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Old 10-10-2018, 04:42 PM   #6
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Ron, thanks for all you're doing in Haiti! It is definitely an area in need.

Building "codes" are interesting, to say the least, in other parts of the world. I don't think we could get away with this type of electrical wiring in the US or Canada. Photos taken in Baguio City, Philippines in 2015.
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Old 10-10-2018, 04:43 PM   #7
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I don't know if it's true, but was told that in Mexico a house is not taxed until it is finished (never), so the rebar is part of the unfinished home.
If that is the case, you wonder why that particular loophole is not rapidly closed?
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Old 10-10-2018, 04:46 PM   #8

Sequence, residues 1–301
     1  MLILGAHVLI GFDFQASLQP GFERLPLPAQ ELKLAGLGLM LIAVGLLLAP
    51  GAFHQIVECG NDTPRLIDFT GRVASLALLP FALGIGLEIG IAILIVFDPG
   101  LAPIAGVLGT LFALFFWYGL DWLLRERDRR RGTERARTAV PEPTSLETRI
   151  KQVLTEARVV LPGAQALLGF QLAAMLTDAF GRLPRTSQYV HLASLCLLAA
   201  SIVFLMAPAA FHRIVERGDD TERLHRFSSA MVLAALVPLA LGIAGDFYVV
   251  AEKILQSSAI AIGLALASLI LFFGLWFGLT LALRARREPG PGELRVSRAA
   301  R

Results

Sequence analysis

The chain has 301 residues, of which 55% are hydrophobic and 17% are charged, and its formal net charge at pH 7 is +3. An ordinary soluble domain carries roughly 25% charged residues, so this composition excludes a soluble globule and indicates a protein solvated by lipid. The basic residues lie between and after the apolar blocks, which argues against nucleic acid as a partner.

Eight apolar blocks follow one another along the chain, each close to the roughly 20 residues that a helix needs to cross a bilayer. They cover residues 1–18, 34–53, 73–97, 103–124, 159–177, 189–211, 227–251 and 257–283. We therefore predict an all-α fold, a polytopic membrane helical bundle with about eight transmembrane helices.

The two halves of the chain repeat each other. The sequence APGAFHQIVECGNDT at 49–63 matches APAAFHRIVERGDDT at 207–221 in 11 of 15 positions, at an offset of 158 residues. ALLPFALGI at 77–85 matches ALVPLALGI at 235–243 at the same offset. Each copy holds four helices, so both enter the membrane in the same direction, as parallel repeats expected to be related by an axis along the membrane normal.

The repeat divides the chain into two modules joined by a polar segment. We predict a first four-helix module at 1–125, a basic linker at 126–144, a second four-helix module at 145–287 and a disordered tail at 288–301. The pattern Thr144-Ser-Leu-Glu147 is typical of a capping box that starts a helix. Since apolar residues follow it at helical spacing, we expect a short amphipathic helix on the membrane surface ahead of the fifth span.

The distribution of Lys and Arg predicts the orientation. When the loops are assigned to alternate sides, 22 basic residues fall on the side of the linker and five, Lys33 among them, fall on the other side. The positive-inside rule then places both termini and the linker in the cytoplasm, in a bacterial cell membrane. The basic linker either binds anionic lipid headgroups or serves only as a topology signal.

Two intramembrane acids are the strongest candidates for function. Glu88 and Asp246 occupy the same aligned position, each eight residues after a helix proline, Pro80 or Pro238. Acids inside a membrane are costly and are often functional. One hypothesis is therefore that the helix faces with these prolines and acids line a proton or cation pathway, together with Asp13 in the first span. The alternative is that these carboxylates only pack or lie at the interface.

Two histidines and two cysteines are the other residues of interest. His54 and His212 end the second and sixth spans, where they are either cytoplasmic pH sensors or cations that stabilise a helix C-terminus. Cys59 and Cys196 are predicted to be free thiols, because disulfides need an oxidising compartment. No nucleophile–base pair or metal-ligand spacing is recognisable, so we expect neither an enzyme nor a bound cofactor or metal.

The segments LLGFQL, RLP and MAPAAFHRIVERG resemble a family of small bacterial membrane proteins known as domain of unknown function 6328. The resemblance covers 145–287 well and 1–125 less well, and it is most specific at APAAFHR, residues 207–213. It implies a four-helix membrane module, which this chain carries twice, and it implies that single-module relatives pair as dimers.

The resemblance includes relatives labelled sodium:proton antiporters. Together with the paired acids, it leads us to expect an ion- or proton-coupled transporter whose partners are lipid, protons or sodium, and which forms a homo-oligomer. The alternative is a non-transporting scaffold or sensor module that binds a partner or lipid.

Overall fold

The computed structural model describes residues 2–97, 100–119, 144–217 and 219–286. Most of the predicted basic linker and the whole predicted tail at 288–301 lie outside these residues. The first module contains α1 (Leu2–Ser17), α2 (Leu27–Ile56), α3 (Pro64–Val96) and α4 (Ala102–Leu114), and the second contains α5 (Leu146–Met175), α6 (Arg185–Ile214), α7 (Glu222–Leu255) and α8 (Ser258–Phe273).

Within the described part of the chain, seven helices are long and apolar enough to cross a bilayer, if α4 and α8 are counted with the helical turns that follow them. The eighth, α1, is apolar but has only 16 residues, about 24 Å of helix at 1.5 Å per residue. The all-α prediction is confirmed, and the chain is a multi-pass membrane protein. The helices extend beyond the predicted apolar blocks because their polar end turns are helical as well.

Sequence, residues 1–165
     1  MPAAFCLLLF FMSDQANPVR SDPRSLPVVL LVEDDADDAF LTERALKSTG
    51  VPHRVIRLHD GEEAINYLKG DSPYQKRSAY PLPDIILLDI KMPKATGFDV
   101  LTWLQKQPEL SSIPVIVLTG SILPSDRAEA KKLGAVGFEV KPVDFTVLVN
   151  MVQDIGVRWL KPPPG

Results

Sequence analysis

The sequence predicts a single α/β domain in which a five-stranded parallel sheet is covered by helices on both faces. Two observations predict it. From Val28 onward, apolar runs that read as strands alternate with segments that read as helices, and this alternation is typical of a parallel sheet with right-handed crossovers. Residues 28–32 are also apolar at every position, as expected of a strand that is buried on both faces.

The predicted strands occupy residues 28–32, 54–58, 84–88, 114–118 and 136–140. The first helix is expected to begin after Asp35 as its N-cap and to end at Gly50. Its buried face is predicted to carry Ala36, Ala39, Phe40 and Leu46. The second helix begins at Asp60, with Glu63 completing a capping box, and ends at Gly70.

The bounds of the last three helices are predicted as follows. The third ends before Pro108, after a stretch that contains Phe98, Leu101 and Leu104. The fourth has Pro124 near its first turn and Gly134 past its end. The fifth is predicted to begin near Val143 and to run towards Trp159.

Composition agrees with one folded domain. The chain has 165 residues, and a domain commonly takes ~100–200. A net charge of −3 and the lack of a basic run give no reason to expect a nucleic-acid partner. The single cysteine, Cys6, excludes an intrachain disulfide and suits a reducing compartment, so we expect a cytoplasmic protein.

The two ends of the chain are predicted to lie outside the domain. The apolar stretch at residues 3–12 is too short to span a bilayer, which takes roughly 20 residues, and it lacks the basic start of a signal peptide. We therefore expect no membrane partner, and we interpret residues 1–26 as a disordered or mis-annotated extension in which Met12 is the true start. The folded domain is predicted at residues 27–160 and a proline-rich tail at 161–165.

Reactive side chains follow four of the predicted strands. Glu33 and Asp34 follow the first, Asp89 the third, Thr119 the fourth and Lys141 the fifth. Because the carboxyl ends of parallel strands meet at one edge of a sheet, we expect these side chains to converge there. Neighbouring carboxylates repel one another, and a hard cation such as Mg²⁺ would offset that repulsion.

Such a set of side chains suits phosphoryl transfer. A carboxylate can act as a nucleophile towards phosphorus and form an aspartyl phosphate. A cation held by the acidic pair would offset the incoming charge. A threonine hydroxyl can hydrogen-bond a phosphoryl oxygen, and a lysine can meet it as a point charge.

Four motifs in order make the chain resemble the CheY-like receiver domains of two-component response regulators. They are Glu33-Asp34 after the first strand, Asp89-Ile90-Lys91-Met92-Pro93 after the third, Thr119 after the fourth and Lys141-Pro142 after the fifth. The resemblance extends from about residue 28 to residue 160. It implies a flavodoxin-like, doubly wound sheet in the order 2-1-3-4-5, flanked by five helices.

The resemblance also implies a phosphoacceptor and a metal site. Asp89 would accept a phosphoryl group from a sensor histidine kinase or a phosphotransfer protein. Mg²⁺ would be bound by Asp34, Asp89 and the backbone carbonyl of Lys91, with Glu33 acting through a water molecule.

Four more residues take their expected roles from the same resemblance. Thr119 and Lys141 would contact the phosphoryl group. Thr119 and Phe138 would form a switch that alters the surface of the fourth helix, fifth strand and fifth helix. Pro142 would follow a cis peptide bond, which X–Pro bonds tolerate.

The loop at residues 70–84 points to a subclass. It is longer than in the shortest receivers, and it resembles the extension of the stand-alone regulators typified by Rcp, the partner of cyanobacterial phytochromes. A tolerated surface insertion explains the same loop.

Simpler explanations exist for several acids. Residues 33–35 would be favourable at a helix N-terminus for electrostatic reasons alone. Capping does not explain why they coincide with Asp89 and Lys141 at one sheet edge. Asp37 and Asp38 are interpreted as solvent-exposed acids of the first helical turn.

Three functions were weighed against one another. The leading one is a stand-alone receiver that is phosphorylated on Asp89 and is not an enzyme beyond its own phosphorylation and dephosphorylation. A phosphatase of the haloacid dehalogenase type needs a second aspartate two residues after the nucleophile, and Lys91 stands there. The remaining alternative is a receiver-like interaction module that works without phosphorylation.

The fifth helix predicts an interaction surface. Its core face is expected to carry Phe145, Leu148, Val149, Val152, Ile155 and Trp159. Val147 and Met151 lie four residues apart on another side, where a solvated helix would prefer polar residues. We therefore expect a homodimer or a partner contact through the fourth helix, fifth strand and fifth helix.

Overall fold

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Wow, good for you Ron. Says alot about you that you're helping such a tragedy stricken and dysfunctional country. God bless.
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Old 10-10-2018, 05:24 PM   #9
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From Wiki:


The external debt of Haiti is one of the main factors that has caused the country's persistent poverty. After the slaves declared themselves free and the country independent in 1804, France, with the complicity of its allies, demanded that the newly formed country pay the French government and French slaveholders the modern equivalent of US $21 billion dollars for the "theft" of the slaves' own lives and the land that they had turned into profitable sugar and coffee-producing plantations. This independence debt was financed by French banks and the American Citibank, and finally paid off 143 years later, in 1947.